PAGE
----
GDPR, the forgotten element in ERP systems

25-09-2022 | 2 min read | GDPR Compliance

Written by: Thierry Julien, @thjulien.

The implementation of GDPR on ERP systems is complex, to put it mildly. It is a building block of the GDPR that is often overlooked and then forgotten.

No-one is supposed to ignore the law!

An appealing idea?

Or better still, no-one is supposed to ignore the law.

  • Citizens may be satisfied with the Civil Code and the Penal Code.
  • The property owning citizen will have to incorporate real estate law.
  • The employee and the entrepreneur will have tax law at heart.
  • The entrepreneur will be interested in commercial law, and often international law as well.

Are we truly aware of the rights that apply to us? In the digital field, for example, platforms’ responsibility is based on the following rights: Banking Law, Tax Law, Self-Employment Law, Press Law, Fake News Law, Competition Law, Personal Data Law and Consumer Law. If I have forgotten any, I do apologise.

To sum up, the rights are numerous, not necessarily compatible, and mostly national.

GDPR | TJC Group

For example, the idea that a GDPR project in your SAP system will enable you to reduce almost all the data after 2 to 3 years, on the pretext that your business processes are mostly completed by that time, means opening up a credit line on your account for the administration.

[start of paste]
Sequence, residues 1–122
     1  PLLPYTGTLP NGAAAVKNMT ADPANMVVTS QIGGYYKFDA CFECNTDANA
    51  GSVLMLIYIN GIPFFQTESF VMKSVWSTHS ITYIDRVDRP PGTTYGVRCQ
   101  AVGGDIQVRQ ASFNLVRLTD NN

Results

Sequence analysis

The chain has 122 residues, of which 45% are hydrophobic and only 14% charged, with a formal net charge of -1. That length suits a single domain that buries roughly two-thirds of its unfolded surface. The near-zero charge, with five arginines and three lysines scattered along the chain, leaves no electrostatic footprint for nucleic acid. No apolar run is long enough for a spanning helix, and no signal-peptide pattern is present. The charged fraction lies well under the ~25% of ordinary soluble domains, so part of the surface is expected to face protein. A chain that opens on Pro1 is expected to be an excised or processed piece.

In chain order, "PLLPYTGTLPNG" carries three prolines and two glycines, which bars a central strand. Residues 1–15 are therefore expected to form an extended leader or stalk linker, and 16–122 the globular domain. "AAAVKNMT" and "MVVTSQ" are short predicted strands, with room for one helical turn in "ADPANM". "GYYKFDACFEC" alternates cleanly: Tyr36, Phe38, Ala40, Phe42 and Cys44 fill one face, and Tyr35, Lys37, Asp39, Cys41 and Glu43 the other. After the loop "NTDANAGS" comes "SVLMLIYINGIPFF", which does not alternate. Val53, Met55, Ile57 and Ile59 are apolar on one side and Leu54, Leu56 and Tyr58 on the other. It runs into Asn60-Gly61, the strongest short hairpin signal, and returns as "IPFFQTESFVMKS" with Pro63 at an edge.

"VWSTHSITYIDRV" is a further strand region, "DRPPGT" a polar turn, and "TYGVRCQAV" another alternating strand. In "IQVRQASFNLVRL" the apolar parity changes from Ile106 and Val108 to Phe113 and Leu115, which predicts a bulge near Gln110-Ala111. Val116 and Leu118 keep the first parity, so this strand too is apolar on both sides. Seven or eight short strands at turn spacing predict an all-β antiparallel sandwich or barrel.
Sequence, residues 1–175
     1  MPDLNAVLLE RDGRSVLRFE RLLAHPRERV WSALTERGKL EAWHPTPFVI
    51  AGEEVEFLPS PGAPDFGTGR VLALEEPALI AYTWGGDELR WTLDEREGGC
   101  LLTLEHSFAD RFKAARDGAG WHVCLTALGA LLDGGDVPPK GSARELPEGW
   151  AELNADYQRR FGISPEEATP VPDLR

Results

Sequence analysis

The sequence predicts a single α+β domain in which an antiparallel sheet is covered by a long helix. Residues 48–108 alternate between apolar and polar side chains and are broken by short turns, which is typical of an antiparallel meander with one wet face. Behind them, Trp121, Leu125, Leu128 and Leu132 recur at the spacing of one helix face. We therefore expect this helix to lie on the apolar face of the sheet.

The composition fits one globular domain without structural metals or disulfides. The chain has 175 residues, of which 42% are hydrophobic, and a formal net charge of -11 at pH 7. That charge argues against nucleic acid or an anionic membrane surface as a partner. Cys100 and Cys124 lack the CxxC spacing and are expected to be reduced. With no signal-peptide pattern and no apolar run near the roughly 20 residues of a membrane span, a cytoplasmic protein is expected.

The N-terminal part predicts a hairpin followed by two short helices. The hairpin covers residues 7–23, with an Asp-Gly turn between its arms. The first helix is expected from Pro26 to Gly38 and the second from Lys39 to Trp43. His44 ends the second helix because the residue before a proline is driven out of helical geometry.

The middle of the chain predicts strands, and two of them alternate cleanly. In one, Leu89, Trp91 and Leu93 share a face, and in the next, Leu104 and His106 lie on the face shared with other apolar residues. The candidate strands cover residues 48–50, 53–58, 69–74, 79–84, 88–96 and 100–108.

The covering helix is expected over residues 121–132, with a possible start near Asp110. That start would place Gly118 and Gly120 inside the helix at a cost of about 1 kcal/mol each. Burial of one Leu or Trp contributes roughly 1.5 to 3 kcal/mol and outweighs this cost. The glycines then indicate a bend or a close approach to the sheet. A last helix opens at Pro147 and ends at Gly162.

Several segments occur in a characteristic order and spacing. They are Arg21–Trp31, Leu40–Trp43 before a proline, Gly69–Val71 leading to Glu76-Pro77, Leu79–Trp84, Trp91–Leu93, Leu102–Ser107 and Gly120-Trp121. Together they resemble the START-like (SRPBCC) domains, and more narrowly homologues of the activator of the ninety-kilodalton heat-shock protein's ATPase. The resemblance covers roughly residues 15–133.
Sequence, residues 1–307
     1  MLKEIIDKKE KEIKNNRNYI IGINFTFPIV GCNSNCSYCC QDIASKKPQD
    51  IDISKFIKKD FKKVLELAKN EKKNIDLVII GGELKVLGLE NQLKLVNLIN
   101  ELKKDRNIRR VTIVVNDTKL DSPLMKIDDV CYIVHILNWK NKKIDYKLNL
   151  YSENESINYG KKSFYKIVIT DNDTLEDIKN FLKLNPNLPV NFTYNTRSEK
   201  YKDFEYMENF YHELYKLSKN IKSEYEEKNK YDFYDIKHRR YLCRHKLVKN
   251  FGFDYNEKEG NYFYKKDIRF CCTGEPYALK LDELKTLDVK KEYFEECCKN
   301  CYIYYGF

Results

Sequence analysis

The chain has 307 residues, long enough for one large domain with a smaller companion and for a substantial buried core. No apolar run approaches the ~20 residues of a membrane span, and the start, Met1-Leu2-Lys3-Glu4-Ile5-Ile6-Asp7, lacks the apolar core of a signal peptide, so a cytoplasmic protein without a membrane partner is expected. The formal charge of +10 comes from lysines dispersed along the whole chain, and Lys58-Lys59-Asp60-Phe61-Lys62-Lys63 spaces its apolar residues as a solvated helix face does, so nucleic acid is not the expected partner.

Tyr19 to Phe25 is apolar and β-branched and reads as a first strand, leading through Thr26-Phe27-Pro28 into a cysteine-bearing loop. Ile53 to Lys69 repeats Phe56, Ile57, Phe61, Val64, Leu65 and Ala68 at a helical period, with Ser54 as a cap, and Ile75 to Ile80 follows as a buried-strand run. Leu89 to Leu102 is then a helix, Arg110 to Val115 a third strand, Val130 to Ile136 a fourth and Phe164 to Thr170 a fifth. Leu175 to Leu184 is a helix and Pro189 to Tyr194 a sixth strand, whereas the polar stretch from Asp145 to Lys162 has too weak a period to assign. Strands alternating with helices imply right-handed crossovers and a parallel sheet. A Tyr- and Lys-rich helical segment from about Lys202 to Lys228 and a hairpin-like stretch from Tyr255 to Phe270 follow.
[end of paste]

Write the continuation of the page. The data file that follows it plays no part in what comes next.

In contrast, retaining information to be able to respond to a tax audit or a particular obligation, even if access to it is limited, is effective leverage.

Defining a reasonable and rational boundary is one of the key success factors. An approach to operational compliance will be more effective if it starts with an initial assessment, which will reduce the project scope by avoiding what is not a source of risk and identifying what justifies retention.

This is the essence of TJC’s approach to implementing GDPR solutions on SAP systems.